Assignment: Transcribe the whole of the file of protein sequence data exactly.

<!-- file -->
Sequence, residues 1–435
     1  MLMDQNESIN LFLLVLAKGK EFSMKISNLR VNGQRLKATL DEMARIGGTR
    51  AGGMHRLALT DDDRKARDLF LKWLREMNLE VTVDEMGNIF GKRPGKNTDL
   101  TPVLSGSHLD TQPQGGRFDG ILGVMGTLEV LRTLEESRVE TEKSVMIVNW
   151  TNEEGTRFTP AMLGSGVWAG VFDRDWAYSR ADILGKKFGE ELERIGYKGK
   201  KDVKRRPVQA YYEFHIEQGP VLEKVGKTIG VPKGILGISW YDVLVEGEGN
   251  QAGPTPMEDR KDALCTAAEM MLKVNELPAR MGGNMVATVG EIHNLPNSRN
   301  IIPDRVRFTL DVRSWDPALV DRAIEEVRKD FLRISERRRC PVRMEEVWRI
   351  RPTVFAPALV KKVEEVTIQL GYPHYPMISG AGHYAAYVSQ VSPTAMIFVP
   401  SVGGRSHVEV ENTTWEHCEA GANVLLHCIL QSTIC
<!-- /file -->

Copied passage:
Sequence, residues 1–435
     1  MLMDQNESIN LFLLVLAKGK EFSMKISNLR VNGQRLKATL DEMARIGGTR
    51  AGGMHRLALT DDDRKARDLF LKWLREMNLE VTVDEMGNIF GKRPGKNTDL
   101  TPVLSGSHLD TQPQGGRFDG ILGVMGTLEV LRTLEESRVE TEKSVMIVNW
   151  TNEEGTRFTP AMLGSGVWAG VFDRDWAYSR ADILGKKFGE ELERIGYKGK
   201  KDVKRRPVQA YYEFHIEQGP VLEKVGKTIG VPKGILGISW YDVLVEGEGN
   251  QAGPTPMEDR KDALCTAAEM MLKVNELPAR MGGNMVATVG EIHNLPNSRN
   301  IIPDRVRFTL DVRSWDPALV DRAIEEVRKD FLRISERRRC PVRMEEVWRI
   351  RPTVFAPALV KKVEEVTIQL GYPHYPMISG AGHYAAYVSQ VSPTAMIFVP
   401  SVGGRSHVEV ENTTWEHCEA GANVLLHCIL QSTIC